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What Are Open Educational Resources?

Open Educational Resources Defined

Open educational resources, also known as OER, are freely available educational materials licensed to permit copying, sharing, editing, retaining, and using (Ernst, Cohen, & Kaufman, 2018).

Free vs. Open

At Bucknell, we have many options for providing "free" educational resources to students. For instance, students can borrow textbooks and other materials that have been placed on course reserve in the library. Some assigned course readings, including books and journal articles, are available through library databases. Some course materials may be available as open access content on the web. In these cases, students have free access to the materials.

But these resources are not open. To be open, a resource must contain a license that gives users certain permissions. We refer to these permissions as the "5 Rs" (Wiley, 2014).

The 5 Rs

According to David Wiley (2014), the 5 Rs give us the following permissions:

  • Retain - we can make and keep copies of the material
  • Reuse - we can use the material for various purposes
  • Revise - we can customize and edit the material
  • Remix - we can create new works from the material
  • Redistribute - we can share the original or derivative works

So what's the difference between OER and Open Access?

Anita Walz, Associate Professor and Assistant Director for Open Education and Scholarly Communication Librarian at Virginia Tech created a one-page document that shows how OER are always open access, but open access materials may not always be OER.

Finding OER

A small sampling of open content collections:

Search engines:

Learn More

Are you ready to learn more about open education and open educational resources?

Contact Jill Hallam-Miller, Interim Director of Research Services and Information Literacy, to find out when we're hosting OER/Open Education workshops or to talk about finding or adopting open educational resources for your courses.

Why Open @ Bucknell?

During Open Education Week 2018 (March 5-9), we posed the following question to students via a whiteboard near the library cafe: "If you didn't have to pay so much for textbooks, what could you do instead?" Here's what our students told us...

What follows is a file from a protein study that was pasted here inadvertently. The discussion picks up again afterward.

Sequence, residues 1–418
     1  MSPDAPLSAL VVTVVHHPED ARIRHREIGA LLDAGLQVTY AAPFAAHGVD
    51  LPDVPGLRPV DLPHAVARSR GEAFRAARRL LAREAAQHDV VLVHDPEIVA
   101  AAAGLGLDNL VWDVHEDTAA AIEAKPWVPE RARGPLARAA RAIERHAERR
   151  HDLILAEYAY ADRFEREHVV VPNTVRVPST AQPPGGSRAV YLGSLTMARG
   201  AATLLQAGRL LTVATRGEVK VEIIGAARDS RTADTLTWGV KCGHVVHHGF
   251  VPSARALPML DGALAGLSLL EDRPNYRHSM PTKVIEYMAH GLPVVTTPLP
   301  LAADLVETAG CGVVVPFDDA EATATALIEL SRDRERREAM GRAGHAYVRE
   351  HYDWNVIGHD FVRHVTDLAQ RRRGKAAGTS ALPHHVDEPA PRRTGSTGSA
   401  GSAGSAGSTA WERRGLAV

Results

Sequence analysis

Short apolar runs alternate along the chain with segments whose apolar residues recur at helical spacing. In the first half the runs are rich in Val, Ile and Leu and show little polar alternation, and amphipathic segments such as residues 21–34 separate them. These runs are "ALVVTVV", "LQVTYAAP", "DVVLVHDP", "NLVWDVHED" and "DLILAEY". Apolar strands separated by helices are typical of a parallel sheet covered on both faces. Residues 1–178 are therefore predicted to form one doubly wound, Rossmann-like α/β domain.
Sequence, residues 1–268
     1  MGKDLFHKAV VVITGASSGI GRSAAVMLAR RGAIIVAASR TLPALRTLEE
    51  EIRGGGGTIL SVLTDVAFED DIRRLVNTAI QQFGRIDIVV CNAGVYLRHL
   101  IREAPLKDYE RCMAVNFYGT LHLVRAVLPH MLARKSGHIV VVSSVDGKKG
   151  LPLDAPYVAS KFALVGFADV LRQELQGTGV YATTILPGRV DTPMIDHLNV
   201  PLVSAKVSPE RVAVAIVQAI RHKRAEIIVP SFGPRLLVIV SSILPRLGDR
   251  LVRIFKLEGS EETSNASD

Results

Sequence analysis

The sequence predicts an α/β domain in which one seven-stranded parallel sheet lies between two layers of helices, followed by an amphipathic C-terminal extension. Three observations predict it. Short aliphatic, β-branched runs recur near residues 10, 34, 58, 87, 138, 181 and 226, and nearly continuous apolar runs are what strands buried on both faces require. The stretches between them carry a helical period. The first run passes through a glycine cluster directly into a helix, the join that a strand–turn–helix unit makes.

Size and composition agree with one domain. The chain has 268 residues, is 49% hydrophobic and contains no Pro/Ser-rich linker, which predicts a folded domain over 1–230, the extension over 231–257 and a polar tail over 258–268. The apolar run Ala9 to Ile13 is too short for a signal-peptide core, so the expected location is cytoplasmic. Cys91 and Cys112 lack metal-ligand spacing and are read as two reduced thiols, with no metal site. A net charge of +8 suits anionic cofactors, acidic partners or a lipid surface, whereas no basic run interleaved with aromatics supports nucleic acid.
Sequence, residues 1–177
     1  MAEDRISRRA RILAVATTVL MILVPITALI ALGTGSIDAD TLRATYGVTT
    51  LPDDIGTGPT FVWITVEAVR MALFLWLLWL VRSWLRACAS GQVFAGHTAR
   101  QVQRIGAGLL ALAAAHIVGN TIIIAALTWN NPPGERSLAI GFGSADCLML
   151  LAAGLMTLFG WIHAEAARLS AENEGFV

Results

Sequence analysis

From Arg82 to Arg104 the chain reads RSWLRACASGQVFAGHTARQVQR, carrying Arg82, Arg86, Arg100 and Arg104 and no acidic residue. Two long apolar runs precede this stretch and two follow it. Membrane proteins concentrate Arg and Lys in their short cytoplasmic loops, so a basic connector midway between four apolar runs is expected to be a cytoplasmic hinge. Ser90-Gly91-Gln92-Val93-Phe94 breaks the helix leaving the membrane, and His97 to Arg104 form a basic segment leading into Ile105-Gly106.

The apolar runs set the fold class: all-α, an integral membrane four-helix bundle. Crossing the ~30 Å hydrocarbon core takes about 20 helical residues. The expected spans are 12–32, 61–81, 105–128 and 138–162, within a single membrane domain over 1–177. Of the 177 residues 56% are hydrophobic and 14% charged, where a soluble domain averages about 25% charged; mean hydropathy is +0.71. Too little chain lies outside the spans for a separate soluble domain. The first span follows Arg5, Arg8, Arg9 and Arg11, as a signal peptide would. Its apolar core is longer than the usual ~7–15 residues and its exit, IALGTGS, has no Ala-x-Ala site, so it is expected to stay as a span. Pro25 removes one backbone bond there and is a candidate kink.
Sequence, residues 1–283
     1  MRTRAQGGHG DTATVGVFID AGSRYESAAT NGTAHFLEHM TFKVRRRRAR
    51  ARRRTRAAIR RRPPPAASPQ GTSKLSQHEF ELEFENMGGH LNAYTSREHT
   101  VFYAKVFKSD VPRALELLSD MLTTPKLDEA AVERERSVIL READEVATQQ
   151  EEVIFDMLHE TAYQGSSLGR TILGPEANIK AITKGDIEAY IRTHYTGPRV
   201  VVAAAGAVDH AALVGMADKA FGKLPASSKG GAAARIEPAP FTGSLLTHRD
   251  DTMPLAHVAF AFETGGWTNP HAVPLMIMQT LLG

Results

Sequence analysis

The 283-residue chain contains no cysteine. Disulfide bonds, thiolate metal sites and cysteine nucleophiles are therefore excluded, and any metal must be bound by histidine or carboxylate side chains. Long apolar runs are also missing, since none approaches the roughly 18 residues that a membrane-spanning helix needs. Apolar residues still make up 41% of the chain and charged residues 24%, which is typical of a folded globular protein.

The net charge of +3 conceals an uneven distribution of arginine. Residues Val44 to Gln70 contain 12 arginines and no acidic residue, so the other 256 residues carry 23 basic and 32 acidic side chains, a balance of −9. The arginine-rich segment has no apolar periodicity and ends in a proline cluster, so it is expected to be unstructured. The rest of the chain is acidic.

Pay for gas to go home on breaks.
Have more money to buy food and other necessities throughout the semester.
Afford clothes
Invest my textbook money in a savings account.
Not have to constantly worry about finances.
See my mom in person.
Not have to constantly worry about finances.
Buy other essentials for life on campus.
Not pick classes based on textbooks.
Send money to my family at home
Be able to eat.
Be able to pay full tuition to go to Bucknell.
Buy food to eat.
I would still have to afford the ridiculous prices for food here.
Buy better food.
Sleep 8 hours.
Be in slightly less crippling debt.
Have money to go home.
Travel more than I do now.
Travel more often.
student comment
See things more positively. It's hard to when you're always struggling.
Buy a new phone and spend more on my hobbies.
Eat three meals a day.
Buy clothes instead.
Don't have to take out loans.
Buy more food and basic necessities.
Ease Mom's pressure on tuition.
Not struggle to live off of 700 dining dollars a semester.
Be able to afford my meds and eat healthy.
Buy my wife a diamond ring.
Buy a newer car.
Quit one of my four jobs on campus.
Put more money into making music.
Not cry as much as I do now.

And Because...

The high cost of textbooks causes students to make choices that may impact their academic success, as shown in the table below. This information, compiled by Ernst, Cohen, and Kaufman (2018) comes from the 2012 Florida Student Textbook Survey (Florida Virtual Campus, 2012).

Florida Student Textbook Survey data table

And Also Because...

More reasons to embrace open education and open educational resources...

  • Remove financial barriers to education
  • Ensure day-one access to course content
  • Customize and remix course content
  • Innovate in pedagogy - students can engage in new ways with course content

(Ernst, Cohen, & Kaufman, 2018; SPARC, 2018)

Using OER? Tell us about it!

Subject Librarian

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Eloise Stevens
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Impact of OER Adoption


Ernst, D., Cohen, S. F., & Kaufman, S. (Sept. 2018). Open Textbook Network: PALCI master training deck [PowerPoint slides]. Retrieved from

Florida Virtual Campus. (2012). 2012 Florida student textbook survey. Retrieved from

SPARC. (2018). Open education. Retrieved from

Wiley, D. (2014, Mar. 5). The access compromise and the 5th R. Message posted to

Each of the works above, except Florida Virtual Campus, is subject to a Creative Commons Attribution 4.0 International license.

Florida Virtual Campus is subject to a Creative Commons Attribution NonCommercial 3.0 Unported license.

This guide contains a Creative Commons Attribution 4.0 International license. It is freely available for modification through the LibGuides community.